Huge Economic and Health Costs of New HHS Regulation Dismissed

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Huge Economic and Health Costs of New HHS Regulation Dismissed

Inimai Chettiar

The Bush Administration claims that the benefits of the new HHS provider conscience regulation outweigh the costs. But they reached this conclusion without using any data or proof.

Pro-choice organizations and women’s groups
have rightly been vocal about a recent proposal by the Department of Health and
Human Services (HHS) to expand protections for medical professionals who refuse
to provide health care services that they object to on moral grounds.

Among the flurry of comments sent to HHS before the
shortened public response period closed, was one that could be a serious blow
to the regulation.  This letter focused not only on women’s’
rights, but also on the Department’s use of bad economics.

The Institute for Policy Integrity (IPI), a
think-tank at New York University Law School, did an analysis of the
rule.  It found that HHS could be in violation of the Administrative
Procedure Act because it relied on a poor cost-benefit analysis.  Under
these rules, regulators need to take into consideration all anticipated
positive and negative consequences of a rule before finalizing it.

The Bush Administration claims that the benefits
outweigh the costs of this regulation.  But they reached this conclusion
without actually using any data or proof.  The HHS analysis overlooked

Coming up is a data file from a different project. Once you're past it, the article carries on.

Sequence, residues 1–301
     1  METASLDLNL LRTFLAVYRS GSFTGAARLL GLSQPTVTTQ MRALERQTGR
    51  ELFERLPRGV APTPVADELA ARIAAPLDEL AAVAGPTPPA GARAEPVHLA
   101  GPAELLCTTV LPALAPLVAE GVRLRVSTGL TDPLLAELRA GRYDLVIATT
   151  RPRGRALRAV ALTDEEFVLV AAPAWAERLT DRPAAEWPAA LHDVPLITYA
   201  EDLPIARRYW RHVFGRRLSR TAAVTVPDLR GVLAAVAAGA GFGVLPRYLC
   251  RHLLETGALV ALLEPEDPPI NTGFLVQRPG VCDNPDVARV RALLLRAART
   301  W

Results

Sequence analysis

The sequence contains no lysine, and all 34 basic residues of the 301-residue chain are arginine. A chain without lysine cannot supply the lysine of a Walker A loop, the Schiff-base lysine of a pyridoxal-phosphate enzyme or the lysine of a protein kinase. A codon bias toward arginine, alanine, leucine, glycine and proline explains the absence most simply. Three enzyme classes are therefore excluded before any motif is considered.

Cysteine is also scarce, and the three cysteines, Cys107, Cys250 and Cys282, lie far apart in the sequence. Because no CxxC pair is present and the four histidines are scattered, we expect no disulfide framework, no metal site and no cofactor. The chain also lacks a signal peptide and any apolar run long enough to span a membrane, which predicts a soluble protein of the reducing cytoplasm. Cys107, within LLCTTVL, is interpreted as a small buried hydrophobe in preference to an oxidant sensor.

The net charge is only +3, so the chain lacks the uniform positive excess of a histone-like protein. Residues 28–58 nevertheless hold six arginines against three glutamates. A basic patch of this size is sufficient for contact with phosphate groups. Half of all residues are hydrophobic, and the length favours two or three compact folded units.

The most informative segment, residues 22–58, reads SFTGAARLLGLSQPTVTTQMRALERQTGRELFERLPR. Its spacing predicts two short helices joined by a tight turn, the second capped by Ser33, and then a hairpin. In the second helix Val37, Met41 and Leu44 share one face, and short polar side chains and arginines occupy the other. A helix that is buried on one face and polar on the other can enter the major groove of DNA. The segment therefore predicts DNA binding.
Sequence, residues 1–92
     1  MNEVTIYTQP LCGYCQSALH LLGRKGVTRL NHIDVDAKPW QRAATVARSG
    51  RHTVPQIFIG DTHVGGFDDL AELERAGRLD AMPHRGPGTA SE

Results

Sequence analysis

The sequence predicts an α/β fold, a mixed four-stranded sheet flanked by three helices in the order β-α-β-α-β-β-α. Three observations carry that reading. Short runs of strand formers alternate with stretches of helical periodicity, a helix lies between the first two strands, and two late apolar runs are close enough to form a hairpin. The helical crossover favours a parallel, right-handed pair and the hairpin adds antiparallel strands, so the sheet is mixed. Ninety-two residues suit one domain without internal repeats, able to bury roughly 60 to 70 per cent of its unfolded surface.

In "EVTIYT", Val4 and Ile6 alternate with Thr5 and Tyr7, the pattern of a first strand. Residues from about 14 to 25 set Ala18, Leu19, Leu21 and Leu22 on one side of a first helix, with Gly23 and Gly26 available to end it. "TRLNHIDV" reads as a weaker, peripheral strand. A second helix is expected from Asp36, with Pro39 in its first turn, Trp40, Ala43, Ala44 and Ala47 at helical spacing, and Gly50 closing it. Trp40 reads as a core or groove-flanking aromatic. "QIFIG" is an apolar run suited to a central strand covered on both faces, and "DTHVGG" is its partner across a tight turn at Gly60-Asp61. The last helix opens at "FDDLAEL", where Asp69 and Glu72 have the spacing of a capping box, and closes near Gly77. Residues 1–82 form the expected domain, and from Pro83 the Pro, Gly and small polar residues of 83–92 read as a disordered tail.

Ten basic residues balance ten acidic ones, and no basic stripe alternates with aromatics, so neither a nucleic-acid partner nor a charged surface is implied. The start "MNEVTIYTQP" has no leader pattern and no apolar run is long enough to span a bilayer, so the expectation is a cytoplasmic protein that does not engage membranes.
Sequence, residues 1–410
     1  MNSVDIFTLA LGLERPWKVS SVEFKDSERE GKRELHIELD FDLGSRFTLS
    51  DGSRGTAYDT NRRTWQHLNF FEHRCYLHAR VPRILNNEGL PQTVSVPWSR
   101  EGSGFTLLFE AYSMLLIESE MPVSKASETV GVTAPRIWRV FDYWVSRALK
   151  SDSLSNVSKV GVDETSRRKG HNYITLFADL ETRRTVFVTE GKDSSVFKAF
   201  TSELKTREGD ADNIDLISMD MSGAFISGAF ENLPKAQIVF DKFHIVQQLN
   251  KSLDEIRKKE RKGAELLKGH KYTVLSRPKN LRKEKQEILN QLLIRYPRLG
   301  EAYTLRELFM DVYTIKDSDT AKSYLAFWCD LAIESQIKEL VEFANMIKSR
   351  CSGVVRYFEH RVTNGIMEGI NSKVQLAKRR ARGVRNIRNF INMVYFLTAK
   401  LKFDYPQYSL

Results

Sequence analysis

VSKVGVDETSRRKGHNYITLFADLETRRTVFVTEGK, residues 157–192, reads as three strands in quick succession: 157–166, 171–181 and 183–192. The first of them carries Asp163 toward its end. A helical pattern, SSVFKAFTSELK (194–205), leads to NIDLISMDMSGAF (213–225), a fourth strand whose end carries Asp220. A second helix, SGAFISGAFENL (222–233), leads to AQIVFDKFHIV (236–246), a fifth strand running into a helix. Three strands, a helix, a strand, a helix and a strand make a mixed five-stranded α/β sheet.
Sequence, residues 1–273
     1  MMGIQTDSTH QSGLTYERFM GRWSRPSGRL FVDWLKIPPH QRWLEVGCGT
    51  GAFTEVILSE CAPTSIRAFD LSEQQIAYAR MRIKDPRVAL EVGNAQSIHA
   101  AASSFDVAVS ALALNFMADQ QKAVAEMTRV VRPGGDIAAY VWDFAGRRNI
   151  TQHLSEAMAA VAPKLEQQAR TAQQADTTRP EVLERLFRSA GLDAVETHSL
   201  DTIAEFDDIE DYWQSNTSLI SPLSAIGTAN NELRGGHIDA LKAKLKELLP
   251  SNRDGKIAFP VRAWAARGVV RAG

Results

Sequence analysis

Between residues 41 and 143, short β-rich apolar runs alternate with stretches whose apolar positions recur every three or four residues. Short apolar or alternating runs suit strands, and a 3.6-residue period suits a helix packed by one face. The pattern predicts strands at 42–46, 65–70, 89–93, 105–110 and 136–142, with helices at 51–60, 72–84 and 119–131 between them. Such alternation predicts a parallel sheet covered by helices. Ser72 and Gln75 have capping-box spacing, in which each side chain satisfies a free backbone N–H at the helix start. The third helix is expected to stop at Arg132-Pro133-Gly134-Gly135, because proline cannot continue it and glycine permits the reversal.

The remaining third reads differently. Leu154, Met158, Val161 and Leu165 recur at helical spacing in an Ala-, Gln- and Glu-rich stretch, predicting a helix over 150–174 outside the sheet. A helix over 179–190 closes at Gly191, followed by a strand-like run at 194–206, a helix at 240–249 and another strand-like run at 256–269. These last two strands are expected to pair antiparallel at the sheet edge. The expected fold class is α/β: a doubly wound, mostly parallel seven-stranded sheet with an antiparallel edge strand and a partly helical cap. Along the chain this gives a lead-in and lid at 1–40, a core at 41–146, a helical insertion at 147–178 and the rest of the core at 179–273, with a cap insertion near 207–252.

crucial consequences.

Roe has collapsed and Texas is in chaos.

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First, HHS says the only positive consequence is an
increase in diversity of viewpoints among the healthcare workforce.  While
diversity is a positive, to include this type of diversity as an economic
benefit without any sort of evidence that this would actually result is

Second, HHS found that the only cost of the
rule was . . . paperwork.  This is not only absurd, but also profoundly
inaccurate.  Bush Administration officials have completely disregarded all
of the effects this rule would have on women’s health.

What about decreased access to contraception,
decreased availability of medical information, decreased supply of counseling
services, decreased availability of general medical services, and possible
refusals to treat whole groups of individuals (such as the LGBT community or
HIV/AIDS patients)?  Apparently, the folks at HHS either believe these
things have no value or they didn’t even anticipate the possibility of
them occurring.

The Center for Reproductive Rights, National Latina
Institute for Reproductive Health, and National Asian Pacific Women’s Forum,
along with 50 other reproductive health, legal, and human rights organizations,
submitted comments that included this analysis from IPI.  The coalition is
trying to make the Bush Administration take into consideration the concerns of
pro-choice and women’s groups as a matter of economics and law.

 Let’s hope they listen.

To read the comments submitted by the coalition,
click here.